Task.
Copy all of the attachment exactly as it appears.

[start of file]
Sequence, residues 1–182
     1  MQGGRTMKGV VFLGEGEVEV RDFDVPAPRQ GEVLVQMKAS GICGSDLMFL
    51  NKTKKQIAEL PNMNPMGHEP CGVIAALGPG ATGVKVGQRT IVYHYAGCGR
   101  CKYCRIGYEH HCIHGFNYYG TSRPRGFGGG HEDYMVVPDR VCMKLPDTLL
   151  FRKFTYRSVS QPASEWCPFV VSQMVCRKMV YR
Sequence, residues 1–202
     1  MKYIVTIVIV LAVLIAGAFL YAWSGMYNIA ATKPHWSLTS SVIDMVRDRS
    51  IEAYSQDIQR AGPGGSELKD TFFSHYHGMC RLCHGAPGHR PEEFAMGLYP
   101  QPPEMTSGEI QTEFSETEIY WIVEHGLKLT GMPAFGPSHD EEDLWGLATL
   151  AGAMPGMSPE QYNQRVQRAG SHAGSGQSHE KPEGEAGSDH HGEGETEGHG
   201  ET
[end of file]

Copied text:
Sequence, residues 1–182
     1  MQGGRTMKGV VFLGEGEVEV RDFDVPAPRQ GEVLVQMKAS GICGSDLMFL
    51  NKTKKQIAEL PNMNPMGHEP CGVIAALGPG ATGVKVGQRT IVYHYAGCGR
   101  CKYCRIGYEH HCIHGFNYYG TSRPRGFGGG HEDYMVVPDR VCMKLPDTLL
   151  FRKFTYRSVS QPASEWCPFV VSQMVCRKMV YR
Sequence, residues 1–202
     1  MKYIVTIVIV LAVLIAGAFL YAWSGMYNIA ATKPHWSLTS SVIDMVRDRS
    51  IEAYSQDIQR AGPGGSELKD TFFSHYHGMC RLCHGAPGHR PEEFAMGLYP
   101  QPPEMTSGEI QTEFSETEIY WIVEHGLKLT GMPAFGPSHD EEDLWGLATL
   151  AGAMPGMSPE QYNQRVQRAG SHAGSGQSHE KPEGEAGSDH HGEGETEGHG
   201  ET